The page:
On Being an Indie Developer

It’s almost taboo to be talking about being a “type” of developer, especially when it comes to anything close to “indie” – developers are super-sensitive to the term (overly-sensitive perhaps).

Depending on who you talk to the perspective span the gamut of the internet where, on one hand, talking about being indie automatically disqualifies you from being indie (because others must call you that as you must never self-identify) and on the other where anyone at any time can call themselves indie and get away with it.

Semantics? For some, the answer is a resounding “Yes” while others will crucify you for saying such things as being indie has a clear and definitive definition.

It’s all to heady for me and all the depth required to near-infinite amount of opinions is a colossal waste of time. And… yet… I’m going to take a stab at talking through it a bit.

So much hypocrisy…

As far as I can tell (and the original definition that I was taught when I was young) is that an “indie developer” or “indie game” or “indie app” is one built by a single person or a small team and that they have very little (if any) outside financial support.

There are many who will then attempt to define “team” by size and that there is an exact threshold of the financial support but I think these things are (and should be) more fluid than people make it up to be.

Especially now with a ton of different ways to build games, from community-lead and based development (i.e. open source) and also just as many ways to finance a project like crowd-funding and a ton of micro-financing alternatives.

If I were to add anything super-squishy it would have to be on the side of fence that allows a bit of self-identification. It is a worldview, a value system, a focus on quality, and an independence that is most important. Are you building for the love of building or are you building to create wealth? The lines are not always so easy to draw.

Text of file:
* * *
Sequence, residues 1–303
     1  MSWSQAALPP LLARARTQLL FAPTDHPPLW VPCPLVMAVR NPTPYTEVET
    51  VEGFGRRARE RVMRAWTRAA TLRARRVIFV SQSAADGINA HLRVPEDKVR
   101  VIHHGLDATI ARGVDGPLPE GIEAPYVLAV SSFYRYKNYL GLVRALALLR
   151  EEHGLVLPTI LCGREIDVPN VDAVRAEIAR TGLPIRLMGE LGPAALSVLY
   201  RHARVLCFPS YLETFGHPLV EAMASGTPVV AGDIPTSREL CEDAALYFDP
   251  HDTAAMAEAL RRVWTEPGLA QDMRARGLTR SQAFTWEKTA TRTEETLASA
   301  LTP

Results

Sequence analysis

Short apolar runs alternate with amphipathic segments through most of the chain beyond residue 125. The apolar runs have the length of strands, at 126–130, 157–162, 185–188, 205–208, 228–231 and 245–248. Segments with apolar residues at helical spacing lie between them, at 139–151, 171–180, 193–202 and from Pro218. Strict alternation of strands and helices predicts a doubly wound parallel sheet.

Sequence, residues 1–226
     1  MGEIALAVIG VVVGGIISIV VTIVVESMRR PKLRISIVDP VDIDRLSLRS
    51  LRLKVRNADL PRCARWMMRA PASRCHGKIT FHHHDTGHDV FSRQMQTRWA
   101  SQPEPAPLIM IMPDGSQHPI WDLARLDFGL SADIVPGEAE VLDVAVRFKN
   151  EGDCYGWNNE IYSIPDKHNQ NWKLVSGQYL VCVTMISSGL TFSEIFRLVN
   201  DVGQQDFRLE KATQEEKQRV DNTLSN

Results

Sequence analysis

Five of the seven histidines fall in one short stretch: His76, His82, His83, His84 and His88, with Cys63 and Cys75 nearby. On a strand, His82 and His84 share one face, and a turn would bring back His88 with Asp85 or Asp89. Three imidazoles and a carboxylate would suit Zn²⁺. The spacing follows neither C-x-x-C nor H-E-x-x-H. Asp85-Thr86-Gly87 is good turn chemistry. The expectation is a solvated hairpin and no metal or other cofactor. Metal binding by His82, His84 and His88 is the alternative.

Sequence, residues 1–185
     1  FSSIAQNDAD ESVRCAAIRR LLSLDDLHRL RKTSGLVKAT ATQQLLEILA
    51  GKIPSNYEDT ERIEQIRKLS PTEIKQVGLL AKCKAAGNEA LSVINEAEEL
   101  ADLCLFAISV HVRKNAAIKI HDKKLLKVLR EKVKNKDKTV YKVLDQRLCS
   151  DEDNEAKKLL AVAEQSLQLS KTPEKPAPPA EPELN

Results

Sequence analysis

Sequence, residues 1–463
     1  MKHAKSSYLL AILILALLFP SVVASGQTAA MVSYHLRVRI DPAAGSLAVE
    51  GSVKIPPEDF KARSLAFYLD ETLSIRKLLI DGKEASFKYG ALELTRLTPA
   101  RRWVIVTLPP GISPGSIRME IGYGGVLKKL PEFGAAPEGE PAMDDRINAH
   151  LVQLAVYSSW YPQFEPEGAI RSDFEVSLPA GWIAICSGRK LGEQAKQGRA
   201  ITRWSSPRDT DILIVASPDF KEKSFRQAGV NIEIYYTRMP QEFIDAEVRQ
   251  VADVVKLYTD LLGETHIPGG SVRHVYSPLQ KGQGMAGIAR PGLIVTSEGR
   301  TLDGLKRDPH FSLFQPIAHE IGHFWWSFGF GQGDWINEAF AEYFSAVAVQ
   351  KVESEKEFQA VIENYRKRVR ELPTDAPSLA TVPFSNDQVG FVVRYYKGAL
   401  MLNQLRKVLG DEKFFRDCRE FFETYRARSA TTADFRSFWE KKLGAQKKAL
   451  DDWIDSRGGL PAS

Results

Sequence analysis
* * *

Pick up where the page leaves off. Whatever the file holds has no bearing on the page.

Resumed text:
Being indie, as far as I was taught and now since adopted, is about just that: Being independent. You can be an independent (and thus indie) developer by living  and working in your parent’s garage and/or basement even though you are clearly dependent on them for your living arrangement.

You can also be an independent (and thus indie) developer by working a corporate nine-to-fiver at a Fortune 500 company but finding time during your lunch-break (and then some) and after-hours to work on your own little passion project.

The circumstance of life is of less importance than the freedom to execute in a context that makes the most sense for the individual at that given time. Do you have to work full-time on your project to be “indie”? I don’t think so. I think independent game and app development happens on all sorts of time tables.

When I built my first app that eventually led to my first startup I was working for one of the largest computer companies in the world (the largest at the time) and I was building the app nights and on the weekends. On occasion I would bring my notebook computer to work on particular days that I knew were going to be “light” and plugged away a few lines when things got boring. I felt independent and building the app was a commitment I made to myself and no one else.

Did the app have some innovative implementation or was it contrary to popular thinking? Not a chance. There are some, though, that only consider projects and the developers behind them “indie” if the projects themselves are grossly counter-cultural. I think that’s a shame since I see the app and project secondary to the person and team behind it.

I mean, besides, without the developer(s) the development would never happen. Independence starts with an independent person who then births and independent project.

Does fame or fortune also disqualify someone or something from being indie? I don’t think so although it can be definitely a challenge for the individual to retain the level of independence that they may internally feel when these things become part of the equation.

A good example is marriage: The individual is still very much an individual but is now thrust into a context that is altogether different. Now they are part of something much bigger, much greater and their opinion and perspective of independence has now dramatically changed.

It has, ultimately, evolved. But, independence can and should be maintained to some degree just as a couple should not necessarily share each other’s shoes (unless they are, for some reason, the exact same size and fit… all metaphors fail at some point).

If you become a wealthy indie developer then I applaud that greatly. I think they deserve it. Fame, on the other hand, is a very tricky thing. I do not have any experience in either of these things (e.g. overwhelming wealth nor fame) and so I cannot speak deeply about these things.

But I can say, with confidence, that I am an indie developer and I honestly relish the title. I have almost always built projects for myself first and then the market second. Strangely, the one time where I built a project for the market first is both my least favorite project and the most financially successful.

Go figure.

[Please check out my small app that’s soon to be released, affectionately called Desk.]